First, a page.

It’s A Woman’s World: Female Travellers To Persia. Sylvia Anne Matheson (1916-2006)

Sylvia Anne Terry -Smith was born in London, 1916.  She married to Angus Matheson and later to Henry Schofield with whom she lived in Iran from 1965 to 1979.

Sylvia’s fascination with India began when she was still a child. She saved her pocket money and bought Hugo’s Hindustani in Three Months without a Master at 12 and learned to speak Urdu.

She wrote the first complete book of archaeological guide to Iran, titled, Persia: An Archaeological Guide (1972) with its breathtaking span from10,000 B.C. to the end of Seljuq rule (1194). The book is comprehensive and a pioneering work. A delight for the serious archaeologist and those curious about the subject.

Sylvia’s passion for history and archaeology took her to some of the most remote and uninhabitable corners of Iran where she dug, wrote, studied and photographed anything of archaeological interests.

She also travelled extensively in Baluchistan and lived with the Bugti tribe and studied their culture for some years. The result was The Tigers of Baluchistan (1967). Sylvia was assigned a bodyguard  so she could be safe in a volatile and sometimes violent environment.  She was allowed for the first time to film, photograph the people of the Bugti tribe, including the women.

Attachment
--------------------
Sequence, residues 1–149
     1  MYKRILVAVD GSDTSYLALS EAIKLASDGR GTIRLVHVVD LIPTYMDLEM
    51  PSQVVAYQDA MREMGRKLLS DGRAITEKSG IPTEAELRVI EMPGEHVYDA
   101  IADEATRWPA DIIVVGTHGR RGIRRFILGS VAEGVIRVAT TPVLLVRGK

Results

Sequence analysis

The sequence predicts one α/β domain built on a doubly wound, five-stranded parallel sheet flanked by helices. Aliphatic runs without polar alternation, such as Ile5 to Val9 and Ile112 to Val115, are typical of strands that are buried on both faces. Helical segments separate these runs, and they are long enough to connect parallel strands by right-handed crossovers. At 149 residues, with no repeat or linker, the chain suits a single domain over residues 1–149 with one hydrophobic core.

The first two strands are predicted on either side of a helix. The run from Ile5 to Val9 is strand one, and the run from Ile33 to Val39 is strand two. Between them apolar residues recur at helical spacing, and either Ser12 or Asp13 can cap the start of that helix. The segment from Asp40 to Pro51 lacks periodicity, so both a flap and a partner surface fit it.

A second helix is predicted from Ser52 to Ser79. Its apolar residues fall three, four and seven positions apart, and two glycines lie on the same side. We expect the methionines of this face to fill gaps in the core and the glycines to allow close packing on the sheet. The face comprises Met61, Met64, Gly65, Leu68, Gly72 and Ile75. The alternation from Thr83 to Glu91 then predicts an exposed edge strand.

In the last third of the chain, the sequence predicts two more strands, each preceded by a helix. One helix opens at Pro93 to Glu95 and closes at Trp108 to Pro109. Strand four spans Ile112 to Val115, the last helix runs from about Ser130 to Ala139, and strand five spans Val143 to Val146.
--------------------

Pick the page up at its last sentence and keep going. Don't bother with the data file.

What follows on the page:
Sylvia Matheson was not deterred by the harshest of climate or hostile surrounding as if she was born and bred in those inhospitable places. She sometimes shared her makesift dwelling with snakes and scorpions. The Bugti tribe later gave her the honorary chieftain title.  It was not the first time that her loyalty and courage was rewarded. During WWII she was also appointed an honorary colonel with the US Military Police of the 88th division – the “Blue Devils” while on special assignment in Venice and Bolzano.

In between digging, travelling in tough terrains and sticking it out in rough mountainous areas of Afghanistan she wrote novels to pass the time.  Max Munday was  her pen name, which was, in fact, her dog’s name. She wrote adventure thrillers and mystery novels, using some of her firsthand experiences.

Her last non-fiction book was Leathercraft in Lands of Ancient Persia (1978).

After the Islamic revolution of Iran (1979) Sylvia and Henry left the country and later travelled to Spain and retired there.  For Sylvia retirement was not easy and she continued to lead tours to all the places she had come to love and write about.

Sylvia Matheson passed away 2006, Javea, Spain.

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